Landlords: When a tenant is in breach of contract the key is to use legal assistance, and swiftly

Landlord Expert
By Landlord Expert March 21, 2012 10:46

The ever changing face of the legal marketplace is a minefield, not least for the SME owner. The traditional interface between a solicitor and client is a charge by the hour – yet that is not the only option.

Under the Solicitors Code of Conduct any solicitor must advise on all forms of funding.

Many will have LEI cover (the number of Legal Expenses Insurance schemes and other such available options are myriad) and there are circumstances where your chosen solicitor can utilise the same – and you are not restricted to panel members.

However, a solicitor must advise that there are numerous ways to fund a case, fixed fees, 3rd Party Funding, Legal Aid (while it is still here), an hourly rate charge, Conditional Fee Agreements CFA’s, where applicable) and from April 2013 we shall possibly see the introduction of DBA’s and other such fancifully named products.  It raises the following question - why should you take all the risk and your solicitor none?

So how does this affect you the professional landlord or sole property owner – In short it has a profound impact. You are obliged to show any potential litigation risk on your balance sheet, not an easy conversation with the bank manager but a needed one.  You may need to undertake litigation but are concerned as to the impact on your own cash flow – including recovery of monies owed – but your advisers should be offering you a clear way through these problems.

In addition you will need to be aware of the forms of funding available to a tenant – legal aid is still available for Housing Disrepair claims and CFA’s are widely used.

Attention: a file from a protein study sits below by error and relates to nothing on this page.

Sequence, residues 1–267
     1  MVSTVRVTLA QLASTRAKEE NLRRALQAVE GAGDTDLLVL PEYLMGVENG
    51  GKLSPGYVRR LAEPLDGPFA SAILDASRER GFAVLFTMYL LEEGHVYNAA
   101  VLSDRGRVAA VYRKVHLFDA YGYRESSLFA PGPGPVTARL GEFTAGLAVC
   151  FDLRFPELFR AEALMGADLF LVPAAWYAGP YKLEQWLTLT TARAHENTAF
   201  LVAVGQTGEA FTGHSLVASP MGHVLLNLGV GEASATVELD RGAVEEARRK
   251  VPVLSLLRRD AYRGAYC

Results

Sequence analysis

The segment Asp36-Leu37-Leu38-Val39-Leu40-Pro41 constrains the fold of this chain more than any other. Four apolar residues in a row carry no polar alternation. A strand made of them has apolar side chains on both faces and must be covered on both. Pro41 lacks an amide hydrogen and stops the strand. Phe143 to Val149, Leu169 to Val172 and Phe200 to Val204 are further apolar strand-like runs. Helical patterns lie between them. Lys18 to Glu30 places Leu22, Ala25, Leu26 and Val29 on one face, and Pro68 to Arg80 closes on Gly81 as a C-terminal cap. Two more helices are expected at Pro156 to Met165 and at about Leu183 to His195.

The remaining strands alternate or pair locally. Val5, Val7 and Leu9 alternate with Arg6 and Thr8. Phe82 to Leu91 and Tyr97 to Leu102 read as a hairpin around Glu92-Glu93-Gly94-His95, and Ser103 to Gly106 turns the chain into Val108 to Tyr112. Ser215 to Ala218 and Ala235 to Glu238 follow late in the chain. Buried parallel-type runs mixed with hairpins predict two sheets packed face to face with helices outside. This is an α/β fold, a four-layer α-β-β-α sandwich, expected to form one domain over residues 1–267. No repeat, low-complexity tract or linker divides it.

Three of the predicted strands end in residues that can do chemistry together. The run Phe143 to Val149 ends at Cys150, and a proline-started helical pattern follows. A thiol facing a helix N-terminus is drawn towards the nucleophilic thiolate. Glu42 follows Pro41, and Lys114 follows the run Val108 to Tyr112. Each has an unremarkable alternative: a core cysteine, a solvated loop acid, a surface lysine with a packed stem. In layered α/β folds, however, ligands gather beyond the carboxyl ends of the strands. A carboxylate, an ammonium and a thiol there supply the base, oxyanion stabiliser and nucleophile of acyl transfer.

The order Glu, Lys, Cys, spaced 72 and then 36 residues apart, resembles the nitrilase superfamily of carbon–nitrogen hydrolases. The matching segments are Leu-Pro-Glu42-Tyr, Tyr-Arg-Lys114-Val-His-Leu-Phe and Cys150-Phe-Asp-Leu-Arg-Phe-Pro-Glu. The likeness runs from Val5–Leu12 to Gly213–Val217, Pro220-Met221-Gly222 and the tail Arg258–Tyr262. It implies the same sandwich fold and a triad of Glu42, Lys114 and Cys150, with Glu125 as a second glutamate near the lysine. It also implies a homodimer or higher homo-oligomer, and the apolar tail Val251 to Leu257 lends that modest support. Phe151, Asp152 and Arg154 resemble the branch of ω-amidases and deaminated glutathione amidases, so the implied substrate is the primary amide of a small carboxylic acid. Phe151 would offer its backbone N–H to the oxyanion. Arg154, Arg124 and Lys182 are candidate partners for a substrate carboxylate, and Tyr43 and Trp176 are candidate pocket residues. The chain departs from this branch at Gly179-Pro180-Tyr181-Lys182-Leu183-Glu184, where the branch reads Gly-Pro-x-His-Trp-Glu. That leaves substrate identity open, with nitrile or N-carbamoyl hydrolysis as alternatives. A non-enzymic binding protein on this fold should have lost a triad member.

Recently we acted for a small business owner where an electrician had slipped down some stairs while reading the meter. He sued and won and while the damages were only £2,500.00 the costs for the winning party were £29,000.00. The paying party had no insurance and while we were able to reduce the bill to £17,000.00 on a detailed assessment there was still their own legal fees to pay. A hefty premium to pay still but a reduction none the less.

In part the costs rose because the client chose to act for themselves and not seek advice soon enough. Our advice would be act swiftly and decisively in such circumstances.

The need to act quickly in litigious matters is clear but so is the need to control your own spend and ensure that your solicitor is acting for you, the client, and not merely billing for billing’s sake.

For further legal updates or information on how to reduce your legal spend or indeed maximise your recovery  please visit our website.

Author: William Whawell. E-mail william@auxiliumlegal.co.uk www.auxiliumlegal.co.uk

 

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Landlord Expert
By Landlord Expert March 21, 2012 10:46

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